When Abby does switch sides, Planned Parenthood sends an army of lawyers to silence her.  Abby successfully defeated these efforts in court with the help of a plucky attorney’s pro bono work. Abby’s experience calls to mind the use of a prosecutor to retaliate against Project Veritas when it recorded a video of Planned Parenthood openly discussing selling the remains of aborted fetuses. While it is a felony to sell human tissue, that’s not the crime that got prosecuted. Instead a pro-abortion prosecutor exacted vengeance on behalf of Planned Parenthood to deter future abortion-rights dissenters from exposing the ghoulish trade to public scrutiny.

While watching “Unplanned,” tears of impotent rage wet the viewer’s cheeks. But the story of “Unplanned” demonstrates clearly that the monstrousness of abortion cannot be conquered with anger or violence. The key success of the pro-life group depicted in the movie is to offer the women in crisis a choice. The abortion industry thrives on women motivated by shame and fear over their pregnancies. Offer forgiveness and support to those women and you take away Planned Parenthood’s most powerful marketing device.

At the end of the movie, the creators display a written message with instructions to abortion workers about how to get assistance if they decide to quit their jobs. The pro-life activists promise help with job placement and support. And yes, prayers do work. Near the end, when Abby joins the protesters, one of them expresses doubt that all of their prayers end up doing anything. Abby gives them a priceless insight: When potential patients saw people praying outside the clinic, the no-show rates would skyrocket.

For a pro-life activist awakened to abortion’s gruesome nature, it must feel impossible to show love and forgiveness towards the abortion practitioners and the women who hire them. Yet, if you are called to take action against abortion, this is what “Unplanned” challenges you to do. The awakening of Abby Johnson is an invaluable victory for the pro-life cause and the story of “Unplanned” is a study of the tools proven effective to replicate this victory. Prayer and love worked on Abby and they remain the most effective weapon in the arsenal of life.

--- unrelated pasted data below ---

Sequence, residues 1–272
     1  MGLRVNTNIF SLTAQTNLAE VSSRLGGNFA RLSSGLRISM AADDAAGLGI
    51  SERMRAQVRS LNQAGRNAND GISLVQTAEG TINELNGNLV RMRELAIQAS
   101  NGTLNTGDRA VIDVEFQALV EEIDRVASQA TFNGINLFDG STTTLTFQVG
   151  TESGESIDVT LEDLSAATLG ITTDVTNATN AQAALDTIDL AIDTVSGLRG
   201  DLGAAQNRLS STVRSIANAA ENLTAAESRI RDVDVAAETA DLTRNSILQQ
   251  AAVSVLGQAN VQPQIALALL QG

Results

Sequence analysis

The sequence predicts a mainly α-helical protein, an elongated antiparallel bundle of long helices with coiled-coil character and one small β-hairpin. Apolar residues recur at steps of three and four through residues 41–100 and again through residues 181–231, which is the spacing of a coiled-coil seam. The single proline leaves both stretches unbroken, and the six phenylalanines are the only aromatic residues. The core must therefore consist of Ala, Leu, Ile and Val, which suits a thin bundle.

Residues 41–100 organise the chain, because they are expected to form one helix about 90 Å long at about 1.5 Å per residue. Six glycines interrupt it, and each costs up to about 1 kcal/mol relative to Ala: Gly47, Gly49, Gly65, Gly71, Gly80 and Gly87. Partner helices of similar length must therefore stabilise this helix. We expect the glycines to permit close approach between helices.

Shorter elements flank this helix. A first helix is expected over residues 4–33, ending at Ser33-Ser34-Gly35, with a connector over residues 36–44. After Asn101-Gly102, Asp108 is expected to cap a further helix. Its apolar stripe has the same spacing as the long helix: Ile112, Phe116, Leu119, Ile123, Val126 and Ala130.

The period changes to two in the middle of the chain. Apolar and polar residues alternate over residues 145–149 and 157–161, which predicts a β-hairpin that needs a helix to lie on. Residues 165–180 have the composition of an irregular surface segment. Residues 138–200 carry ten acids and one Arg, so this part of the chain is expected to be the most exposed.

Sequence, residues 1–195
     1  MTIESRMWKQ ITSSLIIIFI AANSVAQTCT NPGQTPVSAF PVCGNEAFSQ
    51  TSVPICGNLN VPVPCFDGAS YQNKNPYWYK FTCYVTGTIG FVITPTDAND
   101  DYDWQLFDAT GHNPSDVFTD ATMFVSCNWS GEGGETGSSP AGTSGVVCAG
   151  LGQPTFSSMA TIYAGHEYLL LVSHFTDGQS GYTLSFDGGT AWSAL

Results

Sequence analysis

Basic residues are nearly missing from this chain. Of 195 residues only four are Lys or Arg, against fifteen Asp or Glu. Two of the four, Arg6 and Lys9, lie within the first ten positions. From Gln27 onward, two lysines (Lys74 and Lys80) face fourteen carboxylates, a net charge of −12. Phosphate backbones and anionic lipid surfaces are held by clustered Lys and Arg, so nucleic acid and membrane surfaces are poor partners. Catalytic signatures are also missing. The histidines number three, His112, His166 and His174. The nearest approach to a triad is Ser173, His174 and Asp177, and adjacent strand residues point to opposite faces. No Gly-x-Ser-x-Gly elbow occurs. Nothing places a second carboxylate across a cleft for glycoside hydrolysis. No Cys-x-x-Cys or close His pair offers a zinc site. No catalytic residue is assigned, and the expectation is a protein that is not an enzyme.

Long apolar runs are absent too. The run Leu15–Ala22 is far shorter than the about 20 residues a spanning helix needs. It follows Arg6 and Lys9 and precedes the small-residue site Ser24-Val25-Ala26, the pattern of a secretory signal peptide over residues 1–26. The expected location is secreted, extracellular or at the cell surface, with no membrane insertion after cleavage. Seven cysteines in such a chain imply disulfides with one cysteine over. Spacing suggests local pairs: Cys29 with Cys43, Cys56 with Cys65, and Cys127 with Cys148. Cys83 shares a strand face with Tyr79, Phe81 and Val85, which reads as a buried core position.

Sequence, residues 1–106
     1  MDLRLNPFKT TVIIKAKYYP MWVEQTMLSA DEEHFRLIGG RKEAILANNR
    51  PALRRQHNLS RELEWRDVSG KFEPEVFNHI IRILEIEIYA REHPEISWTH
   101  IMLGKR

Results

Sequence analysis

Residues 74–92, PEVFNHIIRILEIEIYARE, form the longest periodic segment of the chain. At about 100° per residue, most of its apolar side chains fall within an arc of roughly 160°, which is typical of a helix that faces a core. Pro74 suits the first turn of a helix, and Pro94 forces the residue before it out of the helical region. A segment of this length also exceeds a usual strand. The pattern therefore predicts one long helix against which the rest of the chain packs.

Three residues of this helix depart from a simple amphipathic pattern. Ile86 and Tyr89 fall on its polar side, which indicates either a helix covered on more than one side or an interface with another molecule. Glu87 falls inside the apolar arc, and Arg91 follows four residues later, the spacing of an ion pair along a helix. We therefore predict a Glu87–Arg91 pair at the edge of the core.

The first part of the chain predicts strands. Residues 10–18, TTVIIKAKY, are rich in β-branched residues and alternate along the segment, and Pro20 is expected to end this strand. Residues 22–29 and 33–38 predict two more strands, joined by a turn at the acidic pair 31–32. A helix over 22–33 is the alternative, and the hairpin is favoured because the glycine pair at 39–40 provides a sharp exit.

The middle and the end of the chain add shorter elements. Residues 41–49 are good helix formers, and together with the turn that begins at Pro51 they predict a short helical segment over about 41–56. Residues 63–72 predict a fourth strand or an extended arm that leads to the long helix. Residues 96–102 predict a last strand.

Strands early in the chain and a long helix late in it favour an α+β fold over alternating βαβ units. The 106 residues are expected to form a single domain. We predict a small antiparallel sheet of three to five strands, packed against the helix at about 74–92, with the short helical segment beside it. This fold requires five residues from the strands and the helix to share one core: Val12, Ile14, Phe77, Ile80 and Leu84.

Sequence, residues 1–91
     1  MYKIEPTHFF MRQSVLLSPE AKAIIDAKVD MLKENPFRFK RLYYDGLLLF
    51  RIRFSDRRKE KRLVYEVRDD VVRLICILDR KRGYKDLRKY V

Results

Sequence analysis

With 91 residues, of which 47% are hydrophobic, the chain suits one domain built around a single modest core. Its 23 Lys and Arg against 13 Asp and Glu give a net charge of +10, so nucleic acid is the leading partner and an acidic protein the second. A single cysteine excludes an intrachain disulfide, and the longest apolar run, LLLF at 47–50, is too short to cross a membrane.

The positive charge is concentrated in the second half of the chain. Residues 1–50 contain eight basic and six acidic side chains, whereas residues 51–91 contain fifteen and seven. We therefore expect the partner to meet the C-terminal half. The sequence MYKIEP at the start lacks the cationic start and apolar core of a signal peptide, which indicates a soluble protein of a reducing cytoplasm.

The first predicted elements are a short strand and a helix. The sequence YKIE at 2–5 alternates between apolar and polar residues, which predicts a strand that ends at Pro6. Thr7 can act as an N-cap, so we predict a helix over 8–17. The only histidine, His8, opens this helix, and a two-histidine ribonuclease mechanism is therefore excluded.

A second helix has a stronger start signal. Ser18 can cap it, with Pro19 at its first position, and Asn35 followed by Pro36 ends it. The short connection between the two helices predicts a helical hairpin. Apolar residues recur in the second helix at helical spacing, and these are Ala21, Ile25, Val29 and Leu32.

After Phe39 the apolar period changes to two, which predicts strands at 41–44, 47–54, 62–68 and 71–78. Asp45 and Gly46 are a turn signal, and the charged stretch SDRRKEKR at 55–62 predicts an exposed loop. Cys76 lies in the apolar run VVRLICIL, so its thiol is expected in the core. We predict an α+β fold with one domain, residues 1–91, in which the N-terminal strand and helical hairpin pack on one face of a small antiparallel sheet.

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Cultural Marxism • Democrats • feminists • Post • Progressivism • The Left

Cut Off Those Baby Factories

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An outlandish video of a New Age mother-daughter duo went viral on social media, and by now most everyone has heard their “cut off the baby factories” message.

Calling themselves the Angelic Initiative, LynnLife and Jamie BodyMind believe they are channels created to receive other-dimensional instruction for our humanoid purpose on Ground Zero Earth. In brief, they say our planet is endangered by the biohazard of overpopulation, humanoids need to stop having babies, and we must reduce the population by 6 billion people if we want our planet to survive.

Viewer intrigue is not owing simply to their disturbing message, but is as much about their freakishly weird arm-pumping and Jamie BodyMind’s orgasmic facial expressions as they supposedly interact with souls from other dimensions—in which, by the way, reside the two “higher souls” they say oversee “the situation”: a wizard and his appointed assistant, German Chancellor Angela Merkel.